The Wall Street Journal reported in November on the high-tech bra lab set up recently in Bagualing, China, by the Chinese lingerie maker Top Form, supplier for brands including Victoria's Secret, Playtex, and Maidenform; according to David Morris, who teaches brassiere studies at De Montfort University in Leicester, England, Chinese manufacturers have moved into the forefront of compression-molded seamless bra construction, and Polytechnic University in Hong Kong introduced its own bra studies program this year. Meanwhile, responding in part to the increase in average bra size that's accompanied the American obesity epidemic, biomechanists Deirdre McGhee and Julie Steele at Australia's University of Wollongong (profiled in the November issue of Discover) are at work on a "smart bra" that can detect breast motion and provide increased support only when needed.
Leading Economic Indicators
After the Securities and Exchange Commission announced it was investigating a particularly well-timed stock sale by Senate majority leader Bill Frist, an October column in the New Yorker pointed out that while beating the market by 2 or 3 percent a year is considered a superstar performance for a mutual-fund manager, a study conducted at Georgia State University found that between 1993 and '98 U.S. senators as a group beat the market by 12 percent annually.
Our Animal Friends
The Associated Press reported in November that according to a Department of Agriculture entomologist and a researcher at the University of Georgia, certain wasps can, after five minutes of training, detect drugs, bombs, and dead bodies as well as dogs can. Also in November, the news service Deutsche Welle reported on a 50-year-old woman in Freiburg, Germany, who first learned of her husband's infidelity when their parrot, Hugo, began to imitate the husband's voice calling out for someone named Uta.
Readers' choice: In November, staff at a television studio in Leeuwarden, Netherlands, had spent several weeks setting up millions of dominoes in preparation for an attempt on the Guinness falling-domino record when a sparrow flew through an open window and into the array. About 23,000 dominoes were knocked over before one of 750 gaps built into the chain stopped the collapse. An exterminator was summoned, cornered the bird, and shot it with an air rifle. Following outcry from animal-rights groups, the exterminator was fined the equivalent of $237, the TV station broadcasting the attempt (which was successful, establishing a new record at 4,155,476 dominoes) also aired a tribute to the bird, and a science museum in Rotterdam announced it would preserve and exhibit the bird's remains.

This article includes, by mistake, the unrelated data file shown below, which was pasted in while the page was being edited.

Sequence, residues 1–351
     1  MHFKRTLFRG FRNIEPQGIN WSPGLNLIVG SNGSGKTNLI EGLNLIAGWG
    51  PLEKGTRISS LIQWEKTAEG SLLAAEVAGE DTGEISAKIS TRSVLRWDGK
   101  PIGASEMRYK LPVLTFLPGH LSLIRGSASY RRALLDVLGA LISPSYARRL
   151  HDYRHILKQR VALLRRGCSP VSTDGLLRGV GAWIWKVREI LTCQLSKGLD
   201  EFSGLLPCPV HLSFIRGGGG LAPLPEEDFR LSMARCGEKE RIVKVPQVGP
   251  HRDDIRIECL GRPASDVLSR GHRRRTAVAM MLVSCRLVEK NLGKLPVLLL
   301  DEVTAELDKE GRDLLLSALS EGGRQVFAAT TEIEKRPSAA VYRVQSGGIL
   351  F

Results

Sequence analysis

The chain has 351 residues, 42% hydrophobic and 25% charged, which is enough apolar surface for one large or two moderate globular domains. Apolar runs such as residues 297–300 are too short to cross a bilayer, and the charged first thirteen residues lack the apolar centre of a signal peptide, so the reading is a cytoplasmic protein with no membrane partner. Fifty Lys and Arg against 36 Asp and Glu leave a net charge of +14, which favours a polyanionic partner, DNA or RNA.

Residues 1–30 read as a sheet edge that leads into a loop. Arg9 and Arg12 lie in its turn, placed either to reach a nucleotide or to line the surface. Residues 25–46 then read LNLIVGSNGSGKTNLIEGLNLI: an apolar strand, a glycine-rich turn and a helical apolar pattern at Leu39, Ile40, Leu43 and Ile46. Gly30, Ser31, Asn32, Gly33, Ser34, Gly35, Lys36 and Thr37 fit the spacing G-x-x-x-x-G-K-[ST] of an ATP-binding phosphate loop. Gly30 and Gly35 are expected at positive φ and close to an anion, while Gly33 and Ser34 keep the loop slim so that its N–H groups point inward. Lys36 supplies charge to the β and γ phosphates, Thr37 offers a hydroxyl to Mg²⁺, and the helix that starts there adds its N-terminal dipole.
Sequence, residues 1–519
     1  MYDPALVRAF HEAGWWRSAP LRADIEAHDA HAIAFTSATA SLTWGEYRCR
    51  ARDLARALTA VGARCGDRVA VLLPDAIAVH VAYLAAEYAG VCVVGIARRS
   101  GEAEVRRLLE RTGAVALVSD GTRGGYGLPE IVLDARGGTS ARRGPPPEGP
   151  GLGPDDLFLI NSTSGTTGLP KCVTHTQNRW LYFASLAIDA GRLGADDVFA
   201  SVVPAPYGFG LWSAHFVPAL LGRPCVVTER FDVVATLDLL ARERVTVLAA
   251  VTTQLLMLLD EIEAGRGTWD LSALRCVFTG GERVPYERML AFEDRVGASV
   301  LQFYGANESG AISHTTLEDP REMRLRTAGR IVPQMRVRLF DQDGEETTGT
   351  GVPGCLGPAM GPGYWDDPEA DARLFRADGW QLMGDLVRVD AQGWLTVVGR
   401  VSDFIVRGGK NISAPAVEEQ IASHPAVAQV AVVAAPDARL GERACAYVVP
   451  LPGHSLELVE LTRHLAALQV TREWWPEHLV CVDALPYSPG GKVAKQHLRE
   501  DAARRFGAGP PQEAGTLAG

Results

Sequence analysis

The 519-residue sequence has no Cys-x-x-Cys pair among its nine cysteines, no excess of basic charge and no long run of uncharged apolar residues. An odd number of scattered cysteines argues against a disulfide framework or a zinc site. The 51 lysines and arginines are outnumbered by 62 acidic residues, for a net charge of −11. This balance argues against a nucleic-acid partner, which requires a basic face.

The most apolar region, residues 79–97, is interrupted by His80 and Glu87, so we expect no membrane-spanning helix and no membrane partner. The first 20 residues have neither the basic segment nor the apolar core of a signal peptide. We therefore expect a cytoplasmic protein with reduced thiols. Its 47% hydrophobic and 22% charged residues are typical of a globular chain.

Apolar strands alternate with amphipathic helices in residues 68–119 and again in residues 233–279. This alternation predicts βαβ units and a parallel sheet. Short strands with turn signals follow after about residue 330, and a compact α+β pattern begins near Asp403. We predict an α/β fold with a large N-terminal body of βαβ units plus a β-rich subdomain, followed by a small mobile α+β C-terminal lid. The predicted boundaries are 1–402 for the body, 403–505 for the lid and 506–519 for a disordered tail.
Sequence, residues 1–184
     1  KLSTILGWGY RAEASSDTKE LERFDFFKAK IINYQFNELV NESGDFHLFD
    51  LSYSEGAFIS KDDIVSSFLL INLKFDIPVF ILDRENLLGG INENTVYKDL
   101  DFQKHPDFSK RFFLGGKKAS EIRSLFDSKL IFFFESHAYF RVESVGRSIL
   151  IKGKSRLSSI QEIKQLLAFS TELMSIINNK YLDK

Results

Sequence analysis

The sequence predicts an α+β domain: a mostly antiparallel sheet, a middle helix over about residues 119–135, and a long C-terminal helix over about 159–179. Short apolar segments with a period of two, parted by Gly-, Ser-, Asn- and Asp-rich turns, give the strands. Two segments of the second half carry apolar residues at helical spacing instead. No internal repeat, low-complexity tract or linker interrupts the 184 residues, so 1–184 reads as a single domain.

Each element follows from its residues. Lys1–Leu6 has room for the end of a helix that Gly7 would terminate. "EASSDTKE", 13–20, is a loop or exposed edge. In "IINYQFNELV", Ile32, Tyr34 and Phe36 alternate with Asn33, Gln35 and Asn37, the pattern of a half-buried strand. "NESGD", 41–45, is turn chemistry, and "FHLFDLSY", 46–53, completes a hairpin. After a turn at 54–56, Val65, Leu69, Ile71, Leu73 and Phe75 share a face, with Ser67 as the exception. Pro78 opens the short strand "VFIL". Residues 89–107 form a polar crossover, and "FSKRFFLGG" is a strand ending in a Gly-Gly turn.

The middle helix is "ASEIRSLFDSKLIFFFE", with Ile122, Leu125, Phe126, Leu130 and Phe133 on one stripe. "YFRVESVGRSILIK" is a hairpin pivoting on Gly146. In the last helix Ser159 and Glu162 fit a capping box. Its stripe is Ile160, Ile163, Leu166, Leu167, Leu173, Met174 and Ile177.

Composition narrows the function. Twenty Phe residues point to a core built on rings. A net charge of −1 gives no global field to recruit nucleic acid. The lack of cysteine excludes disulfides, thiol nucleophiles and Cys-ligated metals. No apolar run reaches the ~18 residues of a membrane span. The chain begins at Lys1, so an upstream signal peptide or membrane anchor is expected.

In September, a veery--a thrushlike songbird native to the Americas and almost never seen in the UK--was sighted in Britain's Shetland Islands. Excited local bird-watchers trapped and tagged the bird, Scotland's Daily Record reported, but a few hours later a local cat ate it.
Fetishes on Parade
In August, Christopher Bjerkness, 27, pleaded guilty to property damage and burglary after using a knife to slash more than 90 large rubber exercise balls at two health centers in Duluth, Minnesota. A hospital official said that a new security camera system had been installed and hours of overtime paid to catch the ball slasher. According to the Duluth News Tribune, police said Bjerkness told them he did it to "satisfy a sexual urge."
Update: Sung Koo Kim, 31, admitted to stealing bras and panties from college dormitory laundry rooms in McMinnville, Oregon, and was sentenced in November to 68 months in prison. As News of the Weird reported last year, police who searched Kim's residence in June 2004 found more than 3,000 undergarments, as well as a collection of dryer lint in labeled plastic bags.
Least Competent Criminals
Michael Drennon, 26, was charged in October with robbing a Wachovia Bank in Bensalem, Pennsylvania. The holdup note left at the scene was written on a pay stub bearing Drennon's name and address; though the information had been crossed out with a black marker, authorities said they had no trouble reading it: "We just put it under a light." And Louis Jasick, 34, knocked on the door of the police station in Fruitport, Michigan, in November to ask for help with an item needed for a scavenger hunt: a picture of a cop eating a doughnut. Officers were initially obliging, but in the course of exchanging pleasantries, Jasick volunteered his name; recognizing it from two outstanding felony warrants for failure to pay child support, the officers invited Jasick in, then arrested him.
News of the Weird has reported several times on men who, believing themselves to be a child's biological father, agree to provide support upon separating from the mother, but then find themselves legally obligated to continue providing support after a DNA test proves otherwise. In November a Saskatchewan appeals court upheld a lower court's ruling that a man had to keep paying support for his stepdaughter even though his ex-wife had remarried the girl's biological father.
Art accompanying story in printed newspaper (not available in this archive): illustration/Shawn Belschwender.